Conflicts & War

Political turmoil, economic crisis provoke violent protest in Tunisia

By Javier Martín

Tunis, Jan 18 (efe-epa).- A power struggle being waged between the head of state, the government and the president of the Parliament has opened the door for violence on the streets of Tunisia, where new restrictions — in addition to those in place to fight the coronavirus pandemic — have been introduced as the country marks the 10th anniversary of the fall of former dictator Zine El Abidine Ben Ali.

Nearly 650 people across the country have been arrested in riots and clashes with police since Tunisia’s Prime Minister Hichem Mechichi imposed a total lockdown and extended the curfew hours on 14 January to tackle the coronavirus.

The open hostility at the gatherings, organized by disaffected and marginalized youth, has forced security measures to be reinforced and the deployment of the military in the capital’s residential neighborhoods.

On Sunday, for the third night in a row, protesters looted shops, cut off the roads and clashed with security forces, who tear gassed the demonstrators.

Clashes were reported in the capital Tunis, Sfax, Sousse, Mahdia, Tozeur, Gafsa and Siliana, which has been severely hit by the protests.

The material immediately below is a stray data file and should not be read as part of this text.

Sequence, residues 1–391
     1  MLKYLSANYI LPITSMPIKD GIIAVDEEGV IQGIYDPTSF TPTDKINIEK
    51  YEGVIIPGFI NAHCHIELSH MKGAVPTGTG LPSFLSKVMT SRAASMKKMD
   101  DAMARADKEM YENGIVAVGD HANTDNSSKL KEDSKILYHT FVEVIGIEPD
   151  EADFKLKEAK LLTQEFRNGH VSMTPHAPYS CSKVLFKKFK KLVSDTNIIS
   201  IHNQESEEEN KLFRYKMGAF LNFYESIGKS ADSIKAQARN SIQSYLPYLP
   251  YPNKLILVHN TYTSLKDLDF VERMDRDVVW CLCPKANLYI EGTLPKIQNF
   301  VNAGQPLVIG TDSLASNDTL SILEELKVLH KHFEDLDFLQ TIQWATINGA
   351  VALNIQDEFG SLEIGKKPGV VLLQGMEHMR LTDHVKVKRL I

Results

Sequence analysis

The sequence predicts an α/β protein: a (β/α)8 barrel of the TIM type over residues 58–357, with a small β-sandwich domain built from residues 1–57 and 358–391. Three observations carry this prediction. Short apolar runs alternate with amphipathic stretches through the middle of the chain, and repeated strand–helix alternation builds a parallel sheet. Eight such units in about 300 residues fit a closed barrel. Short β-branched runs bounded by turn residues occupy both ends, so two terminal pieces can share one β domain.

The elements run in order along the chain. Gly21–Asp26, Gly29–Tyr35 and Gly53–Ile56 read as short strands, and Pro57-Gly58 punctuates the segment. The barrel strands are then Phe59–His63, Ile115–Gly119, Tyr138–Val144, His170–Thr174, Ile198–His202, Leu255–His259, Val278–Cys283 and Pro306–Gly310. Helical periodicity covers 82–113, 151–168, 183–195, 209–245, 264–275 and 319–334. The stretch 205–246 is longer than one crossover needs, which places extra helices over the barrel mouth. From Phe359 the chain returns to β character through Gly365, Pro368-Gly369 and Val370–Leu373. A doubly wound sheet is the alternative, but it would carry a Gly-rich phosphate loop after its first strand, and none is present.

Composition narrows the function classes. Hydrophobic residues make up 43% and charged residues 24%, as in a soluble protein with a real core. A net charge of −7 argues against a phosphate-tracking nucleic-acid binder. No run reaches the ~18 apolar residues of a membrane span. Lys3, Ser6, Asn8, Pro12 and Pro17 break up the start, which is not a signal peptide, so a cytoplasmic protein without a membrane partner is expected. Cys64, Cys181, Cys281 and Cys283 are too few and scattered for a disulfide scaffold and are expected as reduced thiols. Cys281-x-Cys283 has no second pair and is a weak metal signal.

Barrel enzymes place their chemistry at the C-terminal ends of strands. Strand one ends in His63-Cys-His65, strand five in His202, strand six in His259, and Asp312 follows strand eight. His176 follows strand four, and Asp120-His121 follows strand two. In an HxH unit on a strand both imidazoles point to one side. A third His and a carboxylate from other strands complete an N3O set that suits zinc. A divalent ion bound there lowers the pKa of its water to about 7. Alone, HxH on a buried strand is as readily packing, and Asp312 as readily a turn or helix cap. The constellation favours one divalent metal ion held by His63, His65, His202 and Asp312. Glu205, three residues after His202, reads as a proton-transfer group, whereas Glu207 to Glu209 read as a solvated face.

These regions have been particularly affected by youth unemployment, which stands at 40 percent, corruption, an economic crisis exacerbated by coronavirus restrictions and inflation, which has made staple products like chicken and eggs a luxury for most Tunisians.

Although videos shared on social media by protesters, residents and activists do not feature clear or coordinated demands, the rallies are a manifestation of the general population’s hostility towards the political class over the lack of economic reforms.

The local press has drawn comparisons with the 2011 uprising amid calls for a new “hunger revolution”.

“The atmosphere on the streets of Tunis is getting worse every day and there is little hope for a better tomorrow,” local journalist Mohamed Salem Kechiche said.

Related Articles

Back to top button